Kindness is not always easily received, especially if it has been lacking in the past! It can be a bit of a shock. Over time, people readily get used to kindness and, yes, it can then become normalised, and people get used to it. Yet kindness tends to be energising, and even where we start to take it for granted, we tend to value it anew. It has a “refreshing” quality. We can get used to someone holding a door open for us as it becomes the norm. Yet, when we are asked to describe the “service” of an organisation to others, we tend to report kindness as a “unique selling point”. There’s a lot of indifference and unkindness in our world, and kindness currently still has a new feel to it a lot of the time. Over time, exploring how we can show kindness in different and new ways becomes part of our service innovation. Kindness can then drive performance improvement.
Every social housing organisation has its exemplars of kindness. An unkind senior management team will not lead by example, and a largely unkind culture may result. Two of the front lines for kindness to show itself are on the phone and in the reception. The third is on the doorstep. Increasingly, it is also at the email and social media front lines too.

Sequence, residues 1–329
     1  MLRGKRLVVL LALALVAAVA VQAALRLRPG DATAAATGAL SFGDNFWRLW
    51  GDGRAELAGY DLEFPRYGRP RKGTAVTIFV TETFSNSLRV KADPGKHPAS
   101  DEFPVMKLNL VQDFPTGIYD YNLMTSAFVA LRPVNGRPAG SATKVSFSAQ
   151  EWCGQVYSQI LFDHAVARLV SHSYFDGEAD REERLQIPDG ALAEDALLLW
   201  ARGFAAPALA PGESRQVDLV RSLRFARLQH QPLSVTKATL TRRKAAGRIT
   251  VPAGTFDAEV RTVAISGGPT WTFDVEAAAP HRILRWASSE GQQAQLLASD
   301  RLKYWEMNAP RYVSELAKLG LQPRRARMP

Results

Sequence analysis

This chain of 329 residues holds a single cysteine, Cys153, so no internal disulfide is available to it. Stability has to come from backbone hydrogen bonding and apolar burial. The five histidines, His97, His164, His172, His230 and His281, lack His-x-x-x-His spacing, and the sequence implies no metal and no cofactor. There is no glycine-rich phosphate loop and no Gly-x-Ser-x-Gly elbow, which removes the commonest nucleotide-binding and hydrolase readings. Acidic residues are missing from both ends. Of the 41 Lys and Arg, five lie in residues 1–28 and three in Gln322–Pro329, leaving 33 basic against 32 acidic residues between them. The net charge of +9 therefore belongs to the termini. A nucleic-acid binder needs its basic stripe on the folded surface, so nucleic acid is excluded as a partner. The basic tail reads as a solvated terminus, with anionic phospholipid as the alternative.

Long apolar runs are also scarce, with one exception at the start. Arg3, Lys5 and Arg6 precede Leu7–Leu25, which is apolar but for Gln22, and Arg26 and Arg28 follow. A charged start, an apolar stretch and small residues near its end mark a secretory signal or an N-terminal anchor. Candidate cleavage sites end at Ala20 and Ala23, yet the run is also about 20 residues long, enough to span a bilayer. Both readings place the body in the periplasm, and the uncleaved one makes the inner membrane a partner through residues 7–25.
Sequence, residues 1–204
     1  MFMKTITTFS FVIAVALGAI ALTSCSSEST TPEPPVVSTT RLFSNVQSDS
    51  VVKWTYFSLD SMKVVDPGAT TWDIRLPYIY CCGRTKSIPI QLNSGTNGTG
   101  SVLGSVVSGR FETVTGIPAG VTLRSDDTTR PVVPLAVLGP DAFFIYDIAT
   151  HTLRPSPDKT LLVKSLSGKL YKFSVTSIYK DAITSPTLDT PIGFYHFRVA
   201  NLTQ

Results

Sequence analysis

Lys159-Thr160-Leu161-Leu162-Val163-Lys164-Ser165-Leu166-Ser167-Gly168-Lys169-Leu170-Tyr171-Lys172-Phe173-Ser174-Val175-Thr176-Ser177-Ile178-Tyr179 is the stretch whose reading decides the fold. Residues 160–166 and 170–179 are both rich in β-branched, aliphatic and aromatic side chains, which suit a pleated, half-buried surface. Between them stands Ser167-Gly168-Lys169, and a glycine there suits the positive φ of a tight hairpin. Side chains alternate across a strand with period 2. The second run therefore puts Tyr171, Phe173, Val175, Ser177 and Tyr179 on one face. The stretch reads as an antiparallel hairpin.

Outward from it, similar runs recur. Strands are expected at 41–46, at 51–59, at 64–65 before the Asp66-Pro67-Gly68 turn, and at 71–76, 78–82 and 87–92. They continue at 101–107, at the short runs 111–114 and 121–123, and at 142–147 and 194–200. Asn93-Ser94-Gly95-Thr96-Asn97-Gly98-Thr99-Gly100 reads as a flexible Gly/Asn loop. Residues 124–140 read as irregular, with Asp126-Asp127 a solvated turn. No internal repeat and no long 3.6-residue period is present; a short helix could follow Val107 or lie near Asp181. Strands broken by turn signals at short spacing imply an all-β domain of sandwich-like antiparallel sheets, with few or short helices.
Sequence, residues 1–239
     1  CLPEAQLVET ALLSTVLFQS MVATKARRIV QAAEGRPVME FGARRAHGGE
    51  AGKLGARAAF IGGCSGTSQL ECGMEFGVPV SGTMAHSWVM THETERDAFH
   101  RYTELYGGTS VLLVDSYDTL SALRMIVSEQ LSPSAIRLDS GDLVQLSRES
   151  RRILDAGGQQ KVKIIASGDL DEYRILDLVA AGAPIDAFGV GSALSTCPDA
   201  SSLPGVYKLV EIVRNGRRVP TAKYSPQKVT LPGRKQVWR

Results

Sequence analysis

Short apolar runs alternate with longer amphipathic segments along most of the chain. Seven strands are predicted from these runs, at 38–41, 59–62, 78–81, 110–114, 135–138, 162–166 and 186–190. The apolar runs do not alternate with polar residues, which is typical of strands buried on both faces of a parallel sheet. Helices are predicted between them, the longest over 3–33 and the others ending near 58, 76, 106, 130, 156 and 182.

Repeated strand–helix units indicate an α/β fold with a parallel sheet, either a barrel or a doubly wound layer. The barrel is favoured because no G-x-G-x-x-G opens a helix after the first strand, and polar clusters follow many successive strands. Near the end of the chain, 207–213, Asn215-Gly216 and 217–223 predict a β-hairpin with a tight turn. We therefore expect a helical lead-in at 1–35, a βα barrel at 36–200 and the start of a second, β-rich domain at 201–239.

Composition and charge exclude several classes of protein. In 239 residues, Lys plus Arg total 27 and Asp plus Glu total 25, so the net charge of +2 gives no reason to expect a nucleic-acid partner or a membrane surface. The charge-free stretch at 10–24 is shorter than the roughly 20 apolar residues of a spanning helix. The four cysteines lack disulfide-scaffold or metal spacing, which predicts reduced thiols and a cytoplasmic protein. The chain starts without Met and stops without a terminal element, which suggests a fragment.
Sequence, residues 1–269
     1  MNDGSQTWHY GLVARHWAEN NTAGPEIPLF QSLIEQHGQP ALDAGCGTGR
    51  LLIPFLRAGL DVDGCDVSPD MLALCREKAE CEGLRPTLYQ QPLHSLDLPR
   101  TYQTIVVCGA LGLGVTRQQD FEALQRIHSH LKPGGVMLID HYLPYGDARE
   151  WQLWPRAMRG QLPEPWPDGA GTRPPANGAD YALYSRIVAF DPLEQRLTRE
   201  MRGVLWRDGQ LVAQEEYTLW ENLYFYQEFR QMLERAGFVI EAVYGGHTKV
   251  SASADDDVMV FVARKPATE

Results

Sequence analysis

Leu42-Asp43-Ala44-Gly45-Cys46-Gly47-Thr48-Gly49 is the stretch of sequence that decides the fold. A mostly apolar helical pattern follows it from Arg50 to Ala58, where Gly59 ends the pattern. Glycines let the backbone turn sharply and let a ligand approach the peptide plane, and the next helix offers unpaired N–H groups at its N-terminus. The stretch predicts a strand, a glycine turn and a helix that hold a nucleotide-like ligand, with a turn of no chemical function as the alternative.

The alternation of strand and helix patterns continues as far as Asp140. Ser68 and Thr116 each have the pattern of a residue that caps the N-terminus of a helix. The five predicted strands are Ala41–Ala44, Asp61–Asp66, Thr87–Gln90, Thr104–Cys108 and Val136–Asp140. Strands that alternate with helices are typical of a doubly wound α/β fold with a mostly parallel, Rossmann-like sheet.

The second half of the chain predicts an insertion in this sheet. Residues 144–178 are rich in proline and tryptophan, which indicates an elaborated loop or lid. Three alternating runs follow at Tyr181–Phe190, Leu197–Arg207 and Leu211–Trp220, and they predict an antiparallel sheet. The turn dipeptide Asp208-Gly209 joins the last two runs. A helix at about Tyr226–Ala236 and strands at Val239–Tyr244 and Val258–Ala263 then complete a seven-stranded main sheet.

Some Watchwords: listening, anticipating, acknowledging, empathising, lifting, responding
A culture of kindness can be engendered if we put it up front as an organisational value. I often don’t see it explicitly stated. It’s often hidden behind “responsiveness” or “excellence”. Yet kindness is as old as the hills. We neglect it at our peril. PL